RAB chief Benazir Ahmad said that “an entire army battalion could have been equipped with the explosives”. “I can say without bragging that we have been on top of the problem,” said Ahmad. “There working very hard to surprising us with what they can do, though, and I’m working harder than ever, because I hate surprises.”
The story goes back to 2013, when unprecedented protests demanding the death sentence for Jama’at-e-Islami leaders implicated in 1971 war crimes swept the country.
From his base in Pakistan, al-Qaeda chief Ayman al-Zawahiri issued a call for war. He urged jihadists everywhere to help Muslims in Bangladesh, “where Islam is being clearly fought”. He claimed the country’s “atheist government protects those who publicly ridicule the Prophet”.
Fighters from Bangladesh, intelligence officials believe, have responded to the call, though no one is certain how many. In one video, ‘A Glimpse of a Base of Al-Qaeda in Khurasan’, a Bengali-speaking fighter identifying himself as ‘Suleiman’ said: “Here, I feel there is the kind of environment that helps one learn how to deal with his family and what one’s role should be as a son, a Mujahid and a Muslim.”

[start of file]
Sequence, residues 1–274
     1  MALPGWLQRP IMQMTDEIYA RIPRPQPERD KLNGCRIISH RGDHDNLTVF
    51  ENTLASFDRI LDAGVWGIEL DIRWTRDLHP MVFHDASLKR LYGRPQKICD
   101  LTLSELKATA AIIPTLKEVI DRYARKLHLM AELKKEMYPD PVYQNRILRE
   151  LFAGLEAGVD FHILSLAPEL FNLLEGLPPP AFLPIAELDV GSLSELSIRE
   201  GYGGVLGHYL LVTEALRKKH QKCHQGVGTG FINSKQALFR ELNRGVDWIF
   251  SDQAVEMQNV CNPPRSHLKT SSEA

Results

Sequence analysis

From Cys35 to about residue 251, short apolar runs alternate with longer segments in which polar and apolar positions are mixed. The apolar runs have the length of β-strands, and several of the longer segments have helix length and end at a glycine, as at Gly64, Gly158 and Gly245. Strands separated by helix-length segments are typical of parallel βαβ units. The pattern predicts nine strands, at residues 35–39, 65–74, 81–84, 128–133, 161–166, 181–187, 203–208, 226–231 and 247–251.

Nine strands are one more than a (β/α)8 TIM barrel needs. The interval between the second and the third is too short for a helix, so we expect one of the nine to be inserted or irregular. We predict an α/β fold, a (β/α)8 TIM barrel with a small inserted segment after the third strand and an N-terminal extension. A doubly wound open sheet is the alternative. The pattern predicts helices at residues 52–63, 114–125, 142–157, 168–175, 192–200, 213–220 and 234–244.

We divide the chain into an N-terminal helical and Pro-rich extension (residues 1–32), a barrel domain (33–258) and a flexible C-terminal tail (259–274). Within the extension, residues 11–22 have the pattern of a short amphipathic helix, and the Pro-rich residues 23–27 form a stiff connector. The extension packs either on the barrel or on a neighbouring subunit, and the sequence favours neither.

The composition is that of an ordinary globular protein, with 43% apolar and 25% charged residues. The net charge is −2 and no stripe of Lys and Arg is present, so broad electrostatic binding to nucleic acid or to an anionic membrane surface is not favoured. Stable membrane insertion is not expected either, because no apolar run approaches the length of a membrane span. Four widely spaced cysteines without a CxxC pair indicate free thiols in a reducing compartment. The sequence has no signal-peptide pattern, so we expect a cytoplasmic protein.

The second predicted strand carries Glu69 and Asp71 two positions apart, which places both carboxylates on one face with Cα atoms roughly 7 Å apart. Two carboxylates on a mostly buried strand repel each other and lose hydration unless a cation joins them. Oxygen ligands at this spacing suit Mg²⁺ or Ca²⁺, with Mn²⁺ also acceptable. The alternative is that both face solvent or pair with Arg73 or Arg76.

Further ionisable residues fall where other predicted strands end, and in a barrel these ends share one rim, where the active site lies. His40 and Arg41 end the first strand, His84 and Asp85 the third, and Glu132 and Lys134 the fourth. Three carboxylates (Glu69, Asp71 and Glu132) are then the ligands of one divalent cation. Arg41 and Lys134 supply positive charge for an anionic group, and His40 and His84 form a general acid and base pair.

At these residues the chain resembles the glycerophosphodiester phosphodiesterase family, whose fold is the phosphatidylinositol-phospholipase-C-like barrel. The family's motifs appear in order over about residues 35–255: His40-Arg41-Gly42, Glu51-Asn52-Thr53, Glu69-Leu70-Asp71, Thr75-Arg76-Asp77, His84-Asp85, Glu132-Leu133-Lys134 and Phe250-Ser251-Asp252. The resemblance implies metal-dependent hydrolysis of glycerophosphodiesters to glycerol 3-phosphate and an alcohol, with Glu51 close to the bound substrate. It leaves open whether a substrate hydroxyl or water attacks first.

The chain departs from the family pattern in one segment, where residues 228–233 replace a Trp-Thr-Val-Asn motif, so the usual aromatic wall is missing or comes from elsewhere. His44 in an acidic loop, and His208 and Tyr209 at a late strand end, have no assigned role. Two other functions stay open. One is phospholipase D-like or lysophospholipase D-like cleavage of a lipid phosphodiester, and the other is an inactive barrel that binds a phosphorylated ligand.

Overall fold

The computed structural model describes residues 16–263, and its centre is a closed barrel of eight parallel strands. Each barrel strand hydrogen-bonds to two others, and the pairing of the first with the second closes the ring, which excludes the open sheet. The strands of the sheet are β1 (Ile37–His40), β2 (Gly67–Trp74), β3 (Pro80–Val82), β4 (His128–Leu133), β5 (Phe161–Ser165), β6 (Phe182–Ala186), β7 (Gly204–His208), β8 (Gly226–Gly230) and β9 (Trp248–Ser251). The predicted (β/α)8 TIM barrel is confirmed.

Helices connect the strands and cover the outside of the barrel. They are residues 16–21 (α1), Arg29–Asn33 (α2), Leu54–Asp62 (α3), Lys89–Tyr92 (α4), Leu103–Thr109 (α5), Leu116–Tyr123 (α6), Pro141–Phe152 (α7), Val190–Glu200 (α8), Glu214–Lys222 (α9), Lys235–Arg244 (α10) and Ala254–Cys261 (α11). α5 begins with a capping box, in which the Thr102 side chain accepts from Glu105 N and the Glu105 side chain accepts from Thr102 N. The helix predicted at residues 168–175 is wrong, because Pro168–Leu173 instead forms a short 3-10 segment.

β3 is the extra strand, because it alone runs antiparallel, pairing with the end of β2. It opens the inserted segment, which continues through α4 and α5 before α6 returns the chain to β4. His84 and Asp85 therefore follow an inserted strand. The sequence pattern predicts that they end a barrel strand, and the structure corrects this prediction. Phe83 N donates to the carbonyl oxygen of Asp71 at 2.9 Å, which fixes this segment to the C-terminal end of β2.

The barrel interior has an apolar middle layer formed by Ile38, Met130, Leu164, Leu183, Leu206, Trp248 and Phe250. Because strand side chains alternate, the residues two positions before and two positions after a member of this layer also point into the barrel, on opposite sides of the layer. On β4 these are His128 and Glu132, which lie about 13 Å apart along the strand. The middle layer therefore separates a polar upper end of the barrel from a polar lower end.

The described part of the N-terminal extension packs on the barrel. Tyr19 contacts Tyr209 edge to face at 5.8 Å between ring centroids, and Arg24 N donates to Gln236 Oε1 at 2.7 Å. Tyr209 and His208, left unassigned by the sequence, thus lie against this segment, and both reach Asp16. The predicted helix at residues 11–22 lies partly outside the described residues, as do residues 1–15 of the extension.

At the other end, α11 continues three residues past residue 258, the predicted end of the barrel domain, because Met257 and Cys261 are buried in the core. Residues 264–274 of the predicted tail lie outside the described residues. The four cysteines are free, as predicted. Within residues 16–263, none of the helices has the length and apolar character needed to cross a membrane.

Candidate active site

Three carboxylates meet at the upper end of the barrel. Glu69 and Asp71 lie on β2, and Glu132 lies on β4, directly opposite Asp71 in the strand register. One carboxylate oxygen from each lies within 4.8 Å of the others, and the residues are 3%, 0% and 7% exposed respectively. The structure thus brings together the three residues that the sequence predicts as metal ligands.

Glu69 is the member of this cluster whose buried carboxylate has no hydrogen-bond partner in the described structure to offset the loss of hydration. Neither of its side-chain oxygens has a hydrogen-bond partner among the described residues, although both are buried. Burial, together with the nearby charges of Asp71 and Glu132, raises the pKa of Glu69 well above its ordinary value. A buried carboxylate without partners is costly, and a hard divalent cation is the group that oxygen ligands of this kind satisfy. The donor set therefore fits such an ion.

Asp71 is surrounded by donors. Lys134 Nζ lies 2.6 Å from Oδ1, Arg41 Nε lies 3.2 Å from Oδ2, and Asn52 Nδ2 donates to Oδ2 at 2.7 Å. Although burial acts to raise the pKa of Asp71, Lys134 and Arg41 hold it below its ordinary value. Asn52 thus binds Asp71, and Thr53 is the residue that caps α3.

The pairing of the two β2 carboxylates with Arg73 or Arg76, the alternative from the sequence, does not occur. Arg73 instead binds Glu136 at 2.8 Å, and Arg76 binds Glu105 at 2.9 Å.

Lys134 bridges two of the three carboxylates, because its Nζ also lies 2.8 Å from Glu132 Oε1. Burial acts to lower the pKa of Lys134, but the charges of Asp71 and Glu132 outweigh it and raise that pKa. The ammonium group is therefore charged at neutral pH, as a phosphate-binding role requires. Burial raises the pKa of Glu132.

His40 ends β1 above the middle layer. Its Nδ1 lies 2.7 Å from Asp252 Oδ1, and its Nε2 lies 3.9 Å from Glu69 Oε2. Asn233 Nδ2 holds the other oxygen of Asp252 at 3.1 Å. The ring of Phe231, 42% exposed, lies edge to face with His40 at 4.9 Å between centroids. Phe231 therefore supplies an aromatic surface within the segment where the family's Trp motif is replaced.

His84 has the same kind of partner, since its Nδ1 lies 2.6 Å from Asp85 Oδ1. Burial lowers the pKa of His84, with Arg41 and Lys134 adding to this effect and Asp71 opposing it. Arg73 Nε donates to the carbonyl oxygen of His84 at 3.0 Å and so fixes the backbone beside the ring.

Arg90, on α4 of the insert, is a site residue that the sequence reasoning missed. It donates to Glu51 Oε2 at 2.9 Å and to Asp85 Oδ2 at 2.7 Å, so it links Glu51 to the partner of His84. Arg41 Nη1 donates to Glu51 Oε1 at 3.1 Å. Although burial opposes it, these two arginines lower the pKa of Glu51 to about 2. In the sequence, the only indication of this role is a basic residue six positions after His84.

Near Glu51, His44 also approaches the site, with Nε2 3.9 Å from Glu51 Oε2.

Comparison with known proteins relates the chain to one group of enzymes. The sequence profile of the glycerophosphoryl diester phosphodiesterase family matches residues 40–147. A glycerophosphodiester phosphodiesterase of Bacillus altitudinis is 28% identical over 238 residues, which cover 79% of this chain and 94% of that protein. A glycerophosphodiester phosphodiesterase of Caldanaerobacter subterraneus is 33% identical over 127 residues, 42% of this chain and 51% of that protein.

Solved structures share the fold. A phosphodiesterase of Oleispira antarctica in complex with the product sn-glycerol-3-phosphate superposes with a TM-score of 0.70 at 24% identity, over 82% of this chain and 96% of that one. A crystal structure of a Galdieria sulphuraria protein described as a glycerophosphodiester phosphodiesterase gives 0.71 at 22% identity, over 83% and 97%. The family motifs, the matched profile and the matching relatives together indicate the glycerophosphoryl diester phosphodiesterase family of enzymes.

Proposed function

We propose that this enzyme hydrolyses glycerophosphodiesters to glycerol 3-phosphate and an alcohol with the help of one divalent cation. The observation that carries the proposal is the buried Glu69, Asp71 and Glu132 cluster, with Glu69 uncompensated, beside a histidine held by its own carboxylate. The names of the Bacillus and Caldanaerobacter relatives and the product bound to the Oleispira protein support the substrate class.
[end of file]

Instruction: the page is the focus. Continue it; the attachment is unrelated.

Late last year, an Ansarullah Bengali-language video, ‘Eradicate Democracy’, asked Bangaldesh’s “patriotic armed forces” to rise against the government and set up a Caliphate in Bangladesh.
His master’s voice
Police say the North-South University student radicals who formed Ansarullah joined hands because of their common attraction to the work of Indian-educated Bangladeshi cleric, Jashimuddin Rahmani.
Rahmani’s speeches had long fired the imagination of Bangladesh-origin jihadists worldwide. Among them were Rajib Karim, convicted for plotting to bomb a British Airways flight, and North-South alumnus Rezwanul Ahsan Nafis, serving time for trying to seeking to blow up the Federal Reserve Bank in New York.